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Martin Luther King, Jr. - Threats/attacks against

"Blast Rocks Residence of Bus Boycott Leader," by Joe Azbell

At 9:30 P.M., 30 January, a single stick of dynamite exploded on the King family's porch; Coretta Scott King and a friend, Dexter member Mary Lucy Williams, had been in the living room when they heard an object land on the front porch. They bolted to the back room, where King's daughter Yolanda was sleeping, just as the dynamite exploded, ripping a hole in the porch floor, shattering four windows, and damaging a porch column.

"Our Struggle"

This report on the Montgomery movement, drafted initially by Bayard Rustin, was the featured article in the second issue of Liberation, which was devoted to the boycott.1 A new journal edited by Rustin and other radical pacifists, Liberation included several related articles, including Rustin's “Montgomery Diary.” King, according to this report, sees a “new Negro” emerging in the South: “The extreme tension in race relations in the South today is explained in part by the revo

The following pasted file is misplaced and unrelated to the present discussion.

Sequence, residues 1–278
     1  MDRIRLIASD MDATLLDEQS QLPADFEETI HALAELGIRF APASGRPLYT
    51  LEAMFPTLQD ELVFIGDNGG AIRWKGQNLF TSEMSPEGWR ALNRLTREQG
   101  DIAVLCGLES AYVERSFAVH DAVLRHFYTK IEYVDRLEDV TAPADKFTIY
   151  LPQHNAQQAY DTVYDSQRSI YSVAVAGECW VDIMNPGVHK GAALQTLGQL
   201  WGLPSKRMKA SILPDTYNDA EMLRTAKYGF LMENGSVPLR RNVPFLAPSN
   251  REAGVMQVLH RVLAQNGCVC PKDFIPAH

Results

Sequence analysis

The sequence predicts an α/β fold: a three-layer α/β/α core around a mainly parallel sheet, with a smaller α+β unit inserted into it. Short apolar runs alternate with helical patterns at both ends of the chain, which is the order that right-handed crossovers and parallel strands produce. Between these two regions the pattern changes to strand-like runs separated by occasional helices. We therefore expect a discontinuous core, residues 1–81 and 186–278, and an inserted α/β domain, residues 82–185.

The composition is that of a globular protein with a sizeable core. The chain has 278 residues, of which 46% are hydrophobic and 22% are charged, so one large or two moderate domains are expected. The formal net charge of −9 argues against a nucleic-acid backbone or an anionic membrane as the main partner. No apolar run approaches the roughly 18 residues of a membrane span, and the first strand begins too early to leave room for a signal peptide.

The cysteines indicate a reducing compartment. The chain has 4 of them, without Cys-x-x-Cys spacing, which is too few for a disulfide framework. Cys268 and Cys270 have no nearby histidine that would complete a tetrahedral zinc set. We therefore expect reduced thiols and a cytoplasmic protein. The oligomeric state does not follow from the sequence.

Statement Issued from Harlem Hospital

At a press conference in his hospital room—his first public appearance since being stabbed ten days earlier—King gave a short statement to reporters.1 Later that day he issued this announcement. King was released from Harlem Hospital on 3 October and convalesced at the home of family friend Sandy Ray in Brooklyn until 24 October, when he returned to Montgomery.

Interview at Bennett College

On 11 February King delivered "A Realistic Look at Race Relations" to an over-packed audience at Bennett College's Annie Merner Pfeiffer Chapel.1 In his address King stressed the importance of the ballot, while noting the limitations of the two major political parties. "I'm not here to tell you how to vote," he said. "That isn't my concern. I'm not a politician. I have no political ambitions. I don't think the Republican party is a party full of the almighty God nor is the Democratic party.

"King Says Vision Told Him to Lead Integration Forces"

After another weekend of violence in Montgomery, including a failed attempt to bomb King’s home with twelve sticks of dynamite, King declares to his Dexter congregation on 27 January that their city is “dangerous to live in—it’s no longer safe.”1 For the first time he talks about experiencing a “divine” presence a year before, when God gave him the courage he needed to face escalating threats of violence.2 A Montgomery Adv


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